The White House is reaching into political races nationwide to urge its preferred candidates to seek election to competitive seats, while helping to nudge weak contenders out of the way, according to party officials familiar with the moves.
It isn't unusual for a president to pick favorites, but the sense of urgency is heightened this year by Democrats' sense that a difficult election year lies ahead.
President Barack Obama's aides are taking pains to operate out of public view to avoid repeating embarrassing miscues made last year, when efforts to pressure unpopular New York Gov. David Paterson into retirement hit front pages and proved unsuccessful. The governor has brushed off suggestions that he step aside and stayed in re-election mode.
A more subtle White House approach came into view last week after a series of surprise decisions by top-level Democrats to abandon their candidacies. Obama aides moved instantly to lure stronger contenders to the ballot.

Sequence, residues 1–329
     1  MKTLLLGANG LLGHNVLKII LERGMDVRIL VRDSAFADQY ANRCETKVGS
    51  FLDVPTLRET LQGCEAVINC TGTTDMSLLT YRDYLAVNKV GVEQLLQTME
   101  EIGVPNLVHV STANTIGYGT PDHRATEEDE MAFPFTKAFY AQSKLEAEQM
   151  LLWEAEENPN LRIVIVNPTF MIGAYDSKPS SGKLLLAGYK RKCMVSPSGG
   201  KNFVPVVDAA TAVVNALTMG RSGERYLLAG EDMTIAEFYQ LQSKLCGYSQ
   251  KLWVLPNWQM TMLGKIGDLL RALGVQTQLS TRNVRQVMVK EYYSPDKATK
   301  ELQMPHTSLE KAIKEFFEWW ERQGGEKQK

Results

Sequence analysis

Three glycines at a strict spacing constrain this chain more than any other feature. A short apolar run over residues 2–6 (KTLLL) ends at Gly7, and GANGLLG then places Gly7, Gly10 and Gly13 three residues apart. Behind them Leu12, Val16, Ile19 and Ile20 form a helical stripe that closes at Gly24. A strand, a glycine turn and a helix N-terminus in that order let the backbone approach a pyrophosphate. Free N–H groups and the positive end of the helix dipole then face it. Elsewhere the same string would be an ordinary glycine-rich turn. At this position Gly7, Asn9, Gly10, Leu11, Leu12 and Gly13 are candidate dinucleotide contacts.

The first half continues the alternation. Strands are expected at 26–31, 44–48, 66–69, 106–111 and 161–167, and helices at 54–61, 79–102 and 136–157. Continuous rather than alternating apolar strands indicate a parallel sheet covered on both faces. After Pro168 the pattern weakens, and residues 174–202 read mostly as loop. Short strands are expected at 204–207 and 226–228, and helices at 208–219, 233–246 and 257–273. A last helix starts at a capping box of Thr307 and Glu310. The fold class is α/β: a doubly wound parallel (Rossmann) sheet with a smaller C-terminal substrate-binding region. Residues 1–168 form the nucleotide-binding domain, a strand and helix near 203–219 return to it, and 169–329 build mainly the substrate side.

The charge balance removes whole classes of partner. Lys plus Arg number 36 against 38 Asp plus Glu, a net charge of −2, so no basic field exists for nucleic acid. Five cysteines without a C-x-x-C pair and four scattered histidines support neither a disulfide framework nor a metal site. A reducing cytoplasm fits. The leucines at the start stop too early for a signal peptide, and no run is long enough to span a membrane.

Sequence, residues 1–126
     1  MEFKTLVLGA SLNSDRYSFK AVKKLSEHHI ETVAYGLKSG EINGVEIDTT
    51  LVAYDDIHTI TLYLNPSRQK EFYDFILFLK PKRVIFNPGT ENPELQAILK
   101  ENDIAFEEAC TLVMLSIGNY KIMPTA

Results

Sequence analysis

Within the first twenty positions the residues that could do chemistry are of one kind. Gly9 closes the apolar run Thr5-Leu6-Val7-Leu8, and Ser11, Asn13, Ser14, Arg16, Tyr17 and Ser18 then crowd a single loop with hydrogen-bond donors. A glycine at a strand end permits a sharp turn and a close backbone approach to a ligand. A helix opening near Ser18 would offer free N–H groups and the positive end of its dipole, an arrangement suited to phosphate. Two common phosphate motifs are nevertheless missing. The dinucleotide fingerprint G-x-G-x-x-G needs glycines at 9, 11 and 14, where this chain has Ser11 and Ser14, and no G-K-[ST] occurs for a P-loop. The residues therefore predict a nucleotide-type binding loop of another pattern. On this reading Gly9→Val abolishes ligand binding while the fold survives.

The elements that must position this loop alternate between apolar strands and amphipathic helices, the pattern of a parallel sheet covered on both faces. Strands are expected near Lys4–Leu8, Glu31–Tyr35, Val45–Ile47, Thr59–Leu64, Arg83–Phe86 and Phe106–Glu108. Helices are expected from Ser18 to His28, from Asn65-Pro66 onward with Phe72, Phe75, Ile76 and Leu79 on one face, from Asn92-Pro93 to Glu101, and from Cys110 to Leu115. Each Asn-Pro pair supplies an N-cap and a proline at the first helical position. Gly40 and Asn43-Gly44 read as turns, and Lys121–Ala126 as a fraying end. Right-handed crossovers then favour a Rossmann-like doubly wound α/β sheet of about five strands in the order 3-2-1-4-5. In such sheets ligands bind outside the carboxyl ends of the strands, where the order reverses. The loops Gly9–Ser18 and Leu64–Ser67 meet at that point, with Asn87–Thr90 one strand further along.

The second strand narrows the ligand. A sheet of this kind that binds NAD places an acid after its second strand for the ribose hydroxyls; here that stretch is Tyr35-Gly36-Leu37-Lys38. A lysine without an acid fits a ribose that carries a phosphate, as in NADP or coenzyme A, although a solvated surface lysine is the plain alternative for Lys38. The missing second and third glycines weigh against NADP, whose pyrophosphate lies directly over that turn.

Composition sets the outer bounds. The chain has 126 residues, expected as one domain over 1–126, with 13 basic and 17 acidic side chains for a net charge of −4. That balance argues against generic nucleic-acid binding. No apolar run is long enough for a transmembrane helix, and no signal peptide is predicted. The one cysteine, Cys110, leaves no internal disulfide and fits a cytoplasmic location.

Obama's team hopes the early efforts will save Democratic congressional seats in 2010 and thus help advance the president's domestic agenda, and similarly keep governors seats Democratic to help rebuild grassroots political networks in time for Obama's 2012 re-election campaign.
In Connecticut, Obama called state Attorney General Richard Blumenthal on the day last week that Democratic Sen. Christopher Dodd announced his retirement, highlighting the view of White House officials and Senate leaders that Blumenthal is the party's strongest candidate for Dodd's seat.